And that's when I found her.

This part of the old mill faced the river, with the dam a few hundred yards away and the brush that clung to the riverbed giving her privacy. Everly had her earbuds in, so she didn't know I was there. I took my time and let my eyes roll over a whole lot more of Everly than I'd seen before. I can't lie—the view from where I stood was smokin'.

Her long hair was tied up loosely on top of her head, and she was on her stomach, feet up in the air, moving to the beat of whatever song she was listening to, reading a book.

My mouth was a little dry, and I thought to myself that lime green was my new favorite color. Especially when it was paired with a skimpy bikini, one that showed Everly's curves off in a way that made my chest tighten and my heart speed up.

Her skin was golden, and every time her legs bobbed, muscles moved. She was all smooth lines and smooth skin and a bikini bottom that showed a lot. I cleared my throat, but it didn't do anything.

Earbuds. Shit. I didn't want to scare her, but I couldn't spend the next two hours staring at a half-naked girl. (Well, I probably could but
could
and
should
don't exactly mean the same thing.) I took a step closer and then came up short when I realized her top was undone. All that smooth skin and no tan lines.

Okay, the little lime green bikini was one thing, but when a guy is presented with a beautiful half-naked girl, sometimes it's hard for him to keep his thoughts on the straight and narrow, if you get my drift.

I took a step back, wincing and swearing at the shooting pain in my knee. I'm not sure if it was the swearing or maybe she was just suddenly aware that she was no longer alone, but Everly glanced over her shoulder, hands across her chest, and for a second, our eyes connected in such a way that I felt it like a physical touch.

Keep
your
eyes
above
her
shoulders.

I repeated those words more than a few times, because we were both kind of frozen. She was surprised, and I was unsure how to proceed without coming across as a pervert.

With one hand she slowly took out her earbuds, the other still holding her top in place.

“Hey,” I managed to say.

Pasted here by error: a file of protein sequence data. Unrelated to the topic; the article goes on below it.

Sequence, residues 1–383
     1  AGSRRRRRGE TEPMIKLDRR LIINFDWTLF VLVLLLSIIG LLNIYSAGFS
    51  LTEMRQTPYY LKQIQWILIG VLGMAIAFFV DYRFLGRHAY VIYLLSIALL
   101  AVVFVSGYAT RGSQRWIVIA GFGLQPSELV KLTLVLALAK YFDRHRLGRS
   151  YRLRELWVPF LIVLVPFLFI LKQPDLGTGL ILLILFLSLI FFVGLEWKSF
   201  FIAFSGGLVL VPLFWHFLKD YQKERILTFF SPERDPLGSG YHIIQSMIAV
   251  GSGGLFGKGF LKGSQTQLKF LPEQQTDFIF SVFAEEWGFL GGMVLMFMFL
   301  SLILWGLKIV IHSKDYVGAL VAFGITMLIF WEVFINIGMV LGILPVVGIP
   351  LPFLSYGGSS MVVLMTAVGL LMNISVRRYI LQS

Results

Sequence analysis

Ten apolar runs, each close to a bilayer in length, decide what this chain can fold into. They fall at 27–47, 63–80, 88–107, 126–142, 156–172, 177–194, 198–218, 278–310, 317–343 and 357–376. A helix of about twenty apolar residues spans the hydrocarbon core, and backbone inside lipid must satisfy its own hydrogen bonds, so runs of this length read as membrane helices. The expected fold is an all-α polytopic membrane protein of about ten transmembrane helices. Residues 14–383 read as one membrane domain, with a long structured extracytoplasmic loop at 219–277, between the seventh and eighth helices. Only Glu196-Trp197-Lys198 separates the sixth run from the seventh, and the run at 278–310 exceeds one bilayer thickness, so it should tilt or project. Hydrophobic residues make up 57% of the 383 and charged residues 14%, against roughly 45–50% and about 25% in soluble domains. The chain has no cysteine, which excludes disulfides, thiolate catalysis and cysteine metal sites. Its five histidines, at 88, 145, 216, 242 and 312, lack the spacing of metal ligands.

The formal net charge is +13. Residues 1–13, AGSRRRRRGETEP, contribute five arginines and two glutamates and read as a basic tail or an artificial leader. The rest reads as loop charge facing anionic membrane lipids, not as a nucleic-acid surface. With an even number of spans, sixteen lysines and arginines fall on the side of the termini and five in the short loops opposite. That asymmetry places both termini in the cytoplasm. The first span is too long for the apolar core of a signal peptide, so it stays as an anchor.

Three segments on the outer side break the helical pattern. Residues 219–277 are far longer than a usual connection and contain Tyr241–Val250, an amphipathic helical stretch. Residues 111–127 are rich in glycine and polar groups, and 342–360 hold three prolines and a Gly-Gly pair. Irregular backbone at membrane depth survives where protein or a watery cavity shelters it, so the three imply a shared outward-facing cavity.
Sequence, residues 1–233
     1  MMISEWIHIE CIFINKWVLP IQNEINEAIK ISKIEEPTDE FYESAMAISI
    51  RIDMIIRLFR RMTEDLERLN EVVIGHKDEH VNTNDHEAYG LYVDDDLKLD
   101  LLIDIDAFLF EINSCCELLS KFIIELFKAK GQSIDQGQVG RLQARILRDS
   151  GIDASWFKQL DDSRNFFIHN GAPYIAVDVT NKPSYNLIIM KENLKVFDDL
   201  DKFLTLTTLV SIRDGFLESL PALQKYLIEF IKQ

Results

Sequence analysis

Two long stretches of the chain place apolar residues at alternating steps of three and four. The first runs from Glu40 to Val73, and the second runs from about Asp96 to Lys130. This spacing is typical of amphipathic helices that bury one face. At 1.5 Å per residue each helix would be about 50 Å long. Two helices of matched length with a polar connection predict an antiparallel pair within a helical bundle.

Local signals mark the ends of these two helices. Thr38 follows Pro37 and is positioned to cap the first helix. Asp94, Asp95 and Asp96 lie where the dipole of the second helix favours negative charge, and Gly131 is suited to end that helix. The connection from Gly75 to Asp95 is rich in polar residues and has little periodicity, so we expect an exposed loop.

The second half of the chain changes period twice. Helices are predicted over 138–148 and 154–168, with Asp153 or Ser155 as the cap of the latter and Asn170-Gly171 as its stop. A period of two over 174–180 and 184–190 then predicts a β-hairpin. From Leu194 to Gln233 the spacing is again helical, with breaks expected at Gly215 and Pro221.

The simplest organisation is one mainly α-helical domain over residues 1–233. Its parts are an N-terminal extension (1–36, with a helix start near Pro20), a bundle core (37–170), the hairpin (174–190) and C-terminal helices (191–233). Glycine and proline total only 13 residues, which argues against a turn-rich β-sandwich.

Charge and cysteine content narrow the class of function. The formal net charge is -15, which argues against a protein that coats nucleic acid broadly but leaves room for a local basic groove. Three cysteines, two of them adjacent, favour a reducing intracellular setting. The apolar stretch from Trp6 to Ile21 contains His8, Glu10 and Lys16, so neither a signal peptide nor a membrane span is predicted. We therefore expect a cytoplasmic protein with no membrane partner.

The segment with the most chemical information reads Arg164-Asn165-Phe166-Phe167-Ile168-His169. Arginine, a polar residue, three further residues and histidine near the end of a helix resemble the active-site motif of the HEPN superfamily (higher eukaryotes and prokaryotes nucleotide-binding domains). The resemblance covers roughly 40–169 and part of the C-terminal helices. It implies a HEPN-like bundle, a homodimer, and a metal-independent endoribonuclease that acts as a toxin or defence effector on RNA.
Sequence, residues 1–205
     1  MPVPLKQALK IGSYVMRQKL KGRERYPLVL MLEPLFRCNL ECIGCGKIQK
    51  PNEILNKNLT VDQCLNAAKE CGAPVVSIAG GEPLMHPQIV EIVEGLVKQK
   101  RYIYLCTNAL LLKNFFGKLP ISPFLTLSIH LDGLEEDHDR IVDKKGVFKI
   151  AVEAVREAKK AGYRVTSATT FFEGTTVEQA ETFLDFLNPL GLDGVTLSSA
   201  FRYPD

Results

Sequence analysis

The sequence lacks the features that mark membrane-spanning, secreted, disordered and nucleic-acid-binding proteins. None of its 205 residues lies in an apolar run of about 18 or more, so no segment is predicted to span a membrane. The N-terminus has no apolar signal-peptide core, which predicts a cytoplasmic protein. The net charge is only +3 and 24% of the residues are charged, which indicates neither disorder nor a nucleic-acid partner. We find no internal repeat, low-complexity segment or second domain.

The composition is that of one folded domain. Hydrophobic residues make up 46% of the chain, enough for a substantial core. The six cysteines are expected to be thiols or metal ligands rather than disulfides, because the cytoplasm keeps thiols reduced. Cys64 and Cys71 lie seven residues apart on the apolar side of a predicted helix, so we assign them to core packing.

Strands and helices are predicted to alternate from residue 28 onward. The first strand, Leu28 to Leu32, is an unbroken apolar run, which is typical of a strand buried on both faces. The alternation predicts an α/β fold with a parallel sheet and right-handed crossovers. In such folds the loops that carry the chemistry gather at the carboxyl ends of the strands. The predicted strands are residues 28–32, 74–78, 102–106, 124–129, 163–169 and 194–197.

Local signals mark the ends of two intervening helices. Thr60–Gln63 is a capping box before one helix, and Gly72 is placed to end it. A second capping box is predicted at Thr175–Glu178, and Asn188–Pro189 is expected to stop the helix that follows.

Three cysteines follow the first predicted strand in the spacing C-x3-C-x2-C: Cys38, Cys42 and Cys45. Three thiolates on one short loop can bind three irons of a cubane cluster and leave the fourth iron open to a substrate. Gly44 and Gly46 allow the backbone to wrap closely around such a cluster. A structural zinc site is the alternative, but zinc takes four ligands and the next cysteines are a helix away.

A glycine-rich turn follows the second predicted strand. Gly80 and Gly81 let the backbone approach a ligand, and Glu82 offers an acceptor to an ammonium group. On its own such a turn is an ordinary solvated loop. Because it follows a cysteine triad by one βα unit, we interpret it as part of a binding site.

Wow. Lame approach.

“You look hot,” Everly replied, eyes sliding away when the grin I couldn't help opened up nice and wide.

“Thanks.”

“I meant that…”

“I know.” I glanced down at my bare chest, slick with sweat.

“How did you know I was here?”

“I remembered you mentioning this place a few weeks back when we were at Baker's Landing.”

Her eyes were on me again, and damn if my heart didn't kick it up a notch. Man, if this kept up, I'd pass out, and it wouldn't be from heatstroke. What was it about this girl that touched me? The unanswered questions? Was that it? Was she a challenge? Or was it the way her eyes reflected deeper and darker things? Things that maybe I recognized.

My gaze dropped to her bare back. Or was it all that smooth, naked skin? The lime green bikini? Because, first off, I was dying to touch her, and second, I was, after all, a seventeen-year-old guy who hadn't been with a girl in months. Not since Bailey.

Maybe that's what all this was. Maybe I just needed to get laid.

As soon as that thought hit me, I gave myself a mental shake. What the hell? This was Everly. Who was I kidding? This here, whatever it was that I had with her, was so much more than hooking up with some girl. If all I wanted was a quick lay, I could have gotten that Friday night. Jess had made it clear that she was totally into the idea of the two of us getting physical.

Everly moved a bit and nodded at the space beside her. She didn't say anything, and I walked over.

“Could you?” she asked, her voice so quiet and low it took a few moments to sink in.

I swallowed, eyes glued to all that smooth bare skin.
Man
up, Lewis
, I told myself.

Gingerly, I reached for her and grasped the two thin pieces of her bikini top together. And totally reverted to ninth grade when Melissa Byers let me touch her boobs. I was all thumbs, trying to tie the stupid thing together. Seriously, my youngest cousin could tie his shoes faster than what I was doing.

My knuckles grazed her skin—accidentally, I swear—the Sanskrit symbol taunting me as I looked down.

Strength.

Yeah. I was going to need a lot of it.

She shifted and her hip pushed into me.

Man. And then some.

BOOK: Some Kind of Normal
8.93Mb size Format: txt, pdf, ePub
ads